Why My Teenage Sons Carry a Tampon and Pad in Their Backpacks

According to UNICEF, 26 percent of people on Earth menstruate. That’s 1 in 4 of us. And yet, most women and girls will tell you that merely talking about having your period in public is still pretty taboo. But as the mom of a 10-1/2-year-old daughter and two teen sons, I’m hoping to change that.

Earlier this month, I posted a photo of my sons, Micah, 15, and Elijah, 16, to the private Facebook page and watched it spread.

It was an image I snapped in Target while we were back-to-school shopping.

Courtesy of Tara Ahrens

‘My teenage boys helped me shop today,’ I wrote, ‘which included buying their little sister’s first bras… because breasts happen.’

And for good measure, I added, ‘Both boys carry a tampon and a pad in their backpacks in case one of their friends needs one. Just a mom out here, trying to erase gender taboo!’

Within hours, the post climbed to thousands of likes and comments, and as I write this, it has over 65K reactions (and counting).

For the most part, the post has gained incredibly positive feedback.

But it’s also prompted many women in their 40s, 50s, and 60s to share horror stories from their youth, recalling times when they desperately needed period supplies and did not have them.

One lady recalled a time she bled through her clothes as a young girl, and a male friend offered her his sweatshirt to wrap around her waist. She has never forgotten his kindness.

Most stories, however, had a recurring theme of humiliation, shame, and helplessness.

Countless women recalled fathers and husbands who ‘would NEVER have gone to the store to buy me period supplies.’ Some people were downright offended that I was attempting to change the age-old ways we’ve handled periods.

One thing is clear: Menstruation is still a major gender taboo that we have not let go of. But I’m doing my best to raise men who see past it.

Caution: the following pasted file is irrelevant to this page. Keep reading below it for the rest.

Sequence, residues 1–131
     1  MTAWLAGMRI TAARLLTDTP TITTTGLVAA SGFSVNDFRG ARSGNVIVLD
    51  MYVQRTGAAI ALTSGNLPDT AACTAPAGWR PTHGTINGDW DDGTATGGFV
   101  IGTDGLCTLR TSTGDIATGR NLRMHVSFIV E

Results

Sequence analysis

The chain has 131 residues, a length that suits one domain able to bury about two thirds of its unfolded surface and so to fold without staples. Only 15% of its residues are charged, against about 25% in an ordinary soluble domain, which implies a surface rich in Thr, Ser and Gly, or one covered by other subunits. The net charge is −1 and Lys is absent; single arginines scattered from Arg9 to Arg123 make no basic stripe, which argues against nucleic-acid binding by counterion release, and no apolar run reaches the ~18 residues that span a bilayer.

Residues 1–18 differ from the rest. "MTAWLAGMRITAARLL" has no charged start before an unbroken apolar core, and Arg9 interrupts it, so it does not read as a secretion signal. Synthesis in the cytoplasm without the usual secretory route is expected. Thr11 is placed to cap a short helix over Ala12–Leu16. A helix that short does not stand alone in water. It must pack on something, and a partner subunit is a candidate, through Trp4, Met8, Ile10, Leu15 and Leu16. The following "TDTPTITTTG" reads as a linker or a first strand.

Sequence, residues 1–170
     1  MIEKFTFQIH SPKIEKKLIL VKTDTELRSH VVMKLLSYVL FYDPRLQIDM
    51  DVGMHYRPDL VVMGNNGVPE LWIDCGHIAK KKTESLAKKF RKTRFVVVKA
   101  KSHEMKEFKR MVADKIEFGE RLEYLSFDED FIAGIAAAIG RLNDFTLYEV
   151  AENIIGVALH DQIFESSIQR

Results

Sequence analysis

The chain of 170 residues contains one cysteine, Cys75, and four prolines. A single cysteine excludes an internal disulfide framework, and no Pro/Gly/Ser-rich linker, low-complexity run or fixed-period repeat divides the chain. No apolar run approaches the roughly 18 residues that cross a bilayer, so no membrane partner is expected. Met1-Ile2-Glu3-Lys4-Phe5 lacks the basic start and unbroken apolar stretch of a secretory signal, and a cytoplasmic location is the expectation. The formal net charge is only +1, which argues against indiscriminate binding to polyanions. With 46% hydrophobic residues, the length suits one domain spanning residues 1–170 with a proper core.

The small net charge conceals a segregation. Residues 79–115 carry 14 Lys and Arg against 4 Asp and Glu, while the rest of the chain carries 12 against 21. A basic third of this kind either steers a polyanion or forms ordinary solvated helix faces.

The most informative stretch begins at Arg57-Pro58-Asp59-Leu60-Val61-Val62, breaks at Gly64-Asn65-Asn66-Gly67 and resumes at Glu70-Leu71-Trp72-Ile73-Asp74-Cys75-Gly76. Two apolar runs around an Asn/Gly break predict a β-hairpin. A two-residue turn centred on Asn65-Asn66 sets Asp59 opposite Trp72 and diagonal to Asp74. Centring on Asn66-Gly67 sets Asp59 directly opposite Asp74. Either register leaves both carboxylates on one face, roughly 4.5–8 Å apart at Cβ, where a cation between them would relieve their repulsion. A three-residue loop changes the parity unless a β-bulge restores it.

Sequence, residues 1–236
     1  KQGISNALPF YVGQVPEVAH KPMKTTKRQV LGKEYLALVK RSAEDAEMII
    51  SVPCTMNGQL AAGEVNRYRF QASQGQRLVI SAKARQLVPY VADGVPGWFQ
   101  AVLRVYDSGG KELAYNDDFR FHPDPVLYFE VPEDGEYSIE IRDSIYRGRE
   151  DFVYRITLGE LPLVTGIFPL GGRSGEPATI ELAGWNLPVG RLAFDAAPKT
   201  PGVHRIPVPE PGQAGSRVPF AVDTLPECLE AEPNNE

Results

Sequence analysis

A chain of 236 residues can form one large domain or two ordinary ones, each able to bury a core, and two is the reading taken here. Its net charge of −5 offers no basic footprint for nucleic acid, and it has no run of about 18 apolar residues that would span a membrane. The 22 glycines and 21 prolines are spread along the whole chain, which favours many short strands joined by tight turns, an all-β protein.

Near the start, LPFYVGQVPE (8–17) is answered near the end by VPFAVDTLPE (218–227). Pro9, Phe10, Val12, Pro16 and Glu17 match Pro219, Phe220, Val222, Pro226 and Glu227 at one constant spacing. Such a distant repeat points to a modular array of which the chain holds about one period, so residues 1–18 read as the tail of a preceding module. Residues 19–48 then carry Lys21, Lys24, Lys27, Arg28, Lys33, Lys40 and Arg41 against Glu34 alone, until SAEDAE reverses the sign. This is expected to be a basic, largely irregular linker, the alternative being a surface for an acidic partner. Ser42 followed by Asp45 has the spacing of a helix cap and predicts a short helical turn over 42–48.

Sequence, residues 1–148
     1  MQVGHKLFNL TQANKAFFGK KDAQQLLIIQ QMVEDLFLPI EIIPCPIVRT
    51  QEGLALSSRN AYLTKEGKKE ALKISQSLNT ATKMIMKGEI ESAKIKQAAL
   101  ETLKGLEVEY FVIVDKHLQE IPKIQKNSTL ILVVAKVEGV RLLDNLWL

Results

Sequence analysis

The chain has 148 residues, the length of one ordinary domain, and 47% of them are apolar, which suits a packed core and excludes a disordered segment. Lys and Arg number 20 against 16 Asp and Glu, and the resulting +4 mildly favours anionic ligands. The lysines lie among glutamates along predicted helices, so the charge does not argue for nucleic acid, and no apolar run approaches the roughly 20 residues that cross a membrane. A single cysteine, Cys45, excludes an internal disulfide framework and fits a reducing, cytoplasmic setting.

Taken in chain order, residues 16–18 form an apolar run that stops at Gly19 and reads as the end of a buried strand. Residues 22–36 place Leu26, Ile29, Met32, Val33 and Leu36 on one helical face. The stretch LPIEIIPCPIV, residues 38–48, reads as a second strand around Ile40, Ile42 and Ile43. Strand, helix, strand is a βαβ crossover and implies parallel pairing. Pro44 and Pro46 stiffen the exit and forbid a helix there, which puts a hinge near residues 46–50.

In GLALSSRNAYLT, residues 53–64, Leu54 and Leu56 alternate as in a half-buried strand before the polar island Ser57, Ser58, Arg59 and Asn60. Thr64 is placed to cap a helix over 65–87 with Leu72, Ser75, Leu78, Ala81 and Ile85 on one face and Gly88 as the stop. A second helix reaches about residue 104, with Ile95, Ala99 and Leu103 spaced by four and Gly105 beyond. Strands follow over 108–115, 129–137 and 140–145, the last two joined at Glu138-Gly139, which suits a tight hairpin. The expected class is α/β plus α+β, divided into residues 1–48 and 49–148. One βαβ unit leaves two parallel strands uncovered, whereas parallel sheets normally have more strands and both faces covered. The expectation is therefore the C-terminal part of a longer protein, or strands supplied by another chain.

‘Bleed-throughs happen,’ I’ve explained to my boys. ‘They are mortifying and can be traumatizing. Kindness and understanding from ANY friend goes a long way. Be that person.’

In reality, our bodies are doing what they were physically made to do. So, why should it be embarrassing?

Tara Ahrens
Tara Ahrenshttps://www.facebook.com/theahrens
Tara Ahrens, from Fort Wayne, IN is a “regular ol’ mom” of 4 spirited, messy, hilarious children. The boys are 16 and 15, the girls are 10.5 (because that 1/2 year matters, Mom) and 6. This is her first time in 17 years that she has not had a little human at home, bossing her around all day, as the little one is off to Kindergarten. She has been married to a boy she met in 3rd grade for 17.5 years. They are a foster family for For the Love of a Boxer boxer rescue. They enjoy squishing everyone into small vehicles and driving across the county to camp and explore our National Parks. Now that she finally has some time to herself, Tara enjoys cottage gardening, restoring their old home, and reading books, wearing a pile of cats (4, rescues). She is passionate about raising kids who are people of principle but more importantly, people of change. See more from Tara on her blog.

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